The War of Northern Agression

So, I think I’ll take a stab at explaining the whole “Damn Yankee!” thing to those not from these parts. At least the way I see it.

I notice sometimes that folks not from the North or South – that is those pioneers out west or (da da dom) foreigners – get funny looks on their faces when they visit the South and hear someone talkin’ ’bout a Yank that just cut them off on the highway or whatever. The way I explain it to them is to learn more about (American) football.

The South takes it’s relationship with the North as seriously as they do their college football. Once you understand that, the whole “War of Northern Aggression” thing doesn’t seem so bitter. It’s just good ‘ol fashion sibling rivalry, really.

If you’ve ever been to a Georgia vs. Florida game, you’ll know what I’m talking about. (Go Dawgs, sick ’em – Whoof, whoof, whoof!) Let’s say Georgia is “The South” and Florida is “The North”. The atmosphere is one of passionate college rivalry. So much so that the games are held on neutral territory in Gainsville, Florida. The Georgia folks stay on their side and the Florida folks stay on their’s and no one gets hurt. Cross those boundaries after a long day of tailgating fun and there might be some trouble, but otherwise the kids get along on under the spirit of the competition.

Afterward, Florida (The North) usually wins, but you sure can’t tell it listening to the Georgia crowd. They are talking about the great individual plays (i.e. battles) that were won and fought hard for. If you didn’t know it, you might think Georgia actually won the game until you ask the question point blank for the straight answer.

This is how it is at Kennesaw National Battlefield Park in Kennesaw, GA where I grew up. Until recently, like within the last five years, I always thought we’d won that battle. I mean, in the Civil War reenactments, it always looked like we were winning. Going through the museum, there is a lot of emphasis placed on how important this battle was to the South, how it was the last chance to stop Sherman before his march on Atlanta and who were the heros of the battle. They do a good job of making you forget that Sherman DID march on Atlanta and burn it to the ground, meaning, by default, that we actually must not have won the battle at Kennesaw Mountain. But that’s not the POINT. It’s not who wins or looses, but how the game was played.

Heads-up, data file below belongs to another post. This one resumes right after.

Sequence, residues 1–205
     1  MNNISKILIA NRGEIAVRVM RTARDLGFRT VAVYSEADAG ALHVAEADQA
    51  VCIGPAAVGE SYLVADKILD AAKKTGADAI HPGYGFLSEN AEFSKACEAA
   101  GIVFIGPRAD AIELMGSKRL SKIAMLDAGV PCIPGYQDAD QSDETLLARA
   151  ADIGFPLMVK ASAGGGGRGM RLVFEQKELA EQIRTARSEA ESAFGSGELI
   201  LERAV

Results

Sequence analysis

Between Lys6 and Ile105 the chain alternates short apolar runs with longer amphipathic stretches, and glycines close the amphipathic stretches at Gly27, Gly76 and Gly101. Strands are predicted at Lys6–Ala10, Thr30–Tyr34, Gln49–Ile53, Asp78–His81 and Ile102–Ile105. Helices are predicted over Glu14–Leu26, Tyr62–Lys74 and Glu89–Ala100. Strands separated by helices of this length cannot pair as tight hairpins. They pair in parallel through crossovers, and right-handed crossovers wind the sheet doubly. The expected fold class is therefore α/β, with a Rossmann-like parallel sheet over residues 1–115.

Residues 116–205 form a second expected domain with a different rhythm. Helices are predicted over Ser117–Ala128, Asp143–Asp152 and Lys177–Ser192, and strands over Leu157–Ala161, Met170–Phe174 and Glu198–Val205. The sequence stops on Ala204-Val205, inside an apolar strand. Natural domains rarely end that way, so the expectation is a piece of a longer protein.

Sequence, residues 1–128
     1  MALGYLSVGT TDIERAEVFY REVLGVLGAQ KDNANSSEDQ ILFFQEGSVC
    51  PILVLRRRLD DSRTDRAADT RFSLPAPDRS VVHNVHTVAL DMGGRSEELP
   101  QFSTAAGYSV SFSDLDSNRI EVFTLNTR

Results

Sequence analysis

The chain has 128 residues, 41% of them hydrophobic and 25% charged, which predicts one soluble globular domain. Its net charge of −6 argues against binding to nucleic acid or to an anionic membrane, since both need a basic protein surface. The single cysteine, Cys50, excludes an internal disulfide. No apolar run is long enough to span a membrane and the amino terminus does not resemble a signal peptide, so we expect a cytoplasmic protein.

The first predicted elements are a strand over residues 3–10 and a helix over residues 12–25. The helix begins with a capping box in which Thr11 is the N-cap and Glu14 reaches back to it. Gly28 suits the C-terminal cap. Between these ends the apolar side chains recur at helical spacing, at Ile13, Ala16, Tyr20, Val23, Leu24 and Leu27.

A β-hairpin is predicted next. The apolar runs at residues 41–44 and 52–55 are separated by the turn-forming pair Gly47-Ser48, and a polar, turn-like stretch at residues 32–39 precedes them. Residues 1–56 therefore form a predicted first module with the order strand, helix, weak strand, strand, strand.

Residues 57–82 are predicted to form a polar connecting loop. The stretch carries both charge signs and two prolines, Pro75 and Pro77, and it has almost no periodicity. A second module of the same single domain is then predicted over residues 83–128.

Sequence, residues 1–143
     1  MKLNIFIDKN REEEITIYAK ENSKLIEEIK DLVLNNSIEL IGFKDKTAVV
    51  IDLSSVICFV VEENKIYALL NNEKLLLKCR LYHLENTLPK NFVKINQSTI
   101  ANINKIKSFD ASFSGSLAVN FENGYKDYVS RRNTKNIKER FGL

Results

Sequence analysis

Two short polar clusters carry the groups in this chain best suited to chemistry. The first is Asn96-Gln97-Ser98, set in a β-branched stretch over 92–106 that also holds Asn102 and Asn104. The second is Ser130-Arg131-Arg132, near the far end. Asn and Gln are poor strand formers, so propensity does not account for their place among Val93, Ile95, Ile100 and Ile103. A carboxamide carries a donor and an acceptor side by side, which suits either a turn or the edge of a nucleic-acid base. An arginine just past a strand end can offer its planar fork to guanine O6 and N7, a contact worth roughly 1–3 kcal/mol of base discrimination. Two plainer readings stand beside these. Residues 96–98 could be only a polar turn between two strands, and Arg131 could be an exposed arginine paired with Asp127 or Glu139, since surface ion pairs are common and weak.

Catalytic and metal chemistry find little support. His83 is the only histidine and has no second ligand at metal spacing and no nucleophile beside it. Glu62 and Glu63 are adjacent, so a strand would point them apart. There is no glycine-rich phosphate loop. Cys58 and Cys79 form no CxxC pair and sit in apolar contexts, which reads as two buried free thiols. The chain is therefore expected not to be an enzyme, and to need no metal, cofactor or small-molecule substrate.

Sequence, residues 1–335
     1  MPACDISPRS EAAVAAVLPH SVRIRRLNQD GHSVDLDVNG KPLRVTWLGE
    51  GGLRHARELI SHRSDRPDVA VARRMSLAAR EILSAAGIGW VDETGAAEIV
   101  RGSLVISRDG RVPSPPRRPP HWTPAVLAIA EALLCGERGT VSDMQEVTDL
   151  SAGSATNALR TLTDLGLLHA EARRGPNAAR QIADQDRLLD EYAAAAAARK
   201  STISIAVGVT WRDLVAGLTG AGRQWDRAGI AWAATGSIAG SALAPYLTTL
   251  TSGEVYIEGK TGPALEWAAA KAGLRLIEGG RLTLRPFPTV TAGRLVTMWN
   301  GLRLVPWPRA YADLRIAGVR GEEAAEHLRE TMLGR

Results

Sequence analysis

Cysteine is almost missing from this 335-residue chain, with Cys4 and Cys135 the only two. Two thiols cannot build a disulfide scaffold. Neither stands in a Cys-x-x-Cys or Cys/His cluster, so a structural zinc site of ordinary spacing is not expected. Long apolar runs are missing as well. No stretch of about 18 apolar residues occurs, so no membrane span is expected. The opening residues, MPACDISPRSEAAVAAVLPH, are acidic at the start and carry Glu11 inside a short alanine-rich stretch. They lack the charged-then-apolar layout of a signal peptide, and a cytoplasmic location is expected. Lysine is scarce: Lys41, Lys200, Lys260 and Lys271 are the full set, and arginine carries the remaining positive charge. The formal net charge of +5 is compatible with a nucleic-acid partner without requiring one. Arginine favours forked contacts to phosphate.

So, you see, if you understand how the South loves it’s college football, you’ll get some good insight into our competitive nature. And let’s not make this post all political. No one is saying that slavery should still be in place or the changes in the South didn’t need changing or anything like that. It’s more about how we deal with our sometimes horrible past. You have to laugh a little, keep working hard and playing hard to heal old wounds and make the world a better place.

(Whoa, Nelly. That got mushy there at the end.)

3 Responses to “The War of Northern Agression”

  1. Carrie Howell Says:

    Have YOU been to a Georgia Florida football game???

  2. Carrie Howell Says:

    You can also see the rocks in the GOONIES when Mikey is trying to line up the medallion to the rocks (Haystack Rock). Those who have spent time at the OR coast know, though, that the film is set in ASTORIA, not Cannon Beach, even thought the film treats the two as if they occur in the same town. Either that or those kids are used to 20 mile bike rides. I’m thinking Chunk couldn’t pedal that far.

  3. Sylvana Says:

    I travelled to Costa Rica with a group of Southerners. There were a couple other Northerners in our group too. We were going to play pool and immediately the Southerners shouted, “North against the South! Just like the Civil War!” Then I reminded them who won that war (actually, I never really look at it as the North won, I look at it as you have said, the change that needed changing won.)
    What really surprised me was that they were teenagers, the war had been over hundred and thirty years prior, and it was still on the top of their thoughts. Why?

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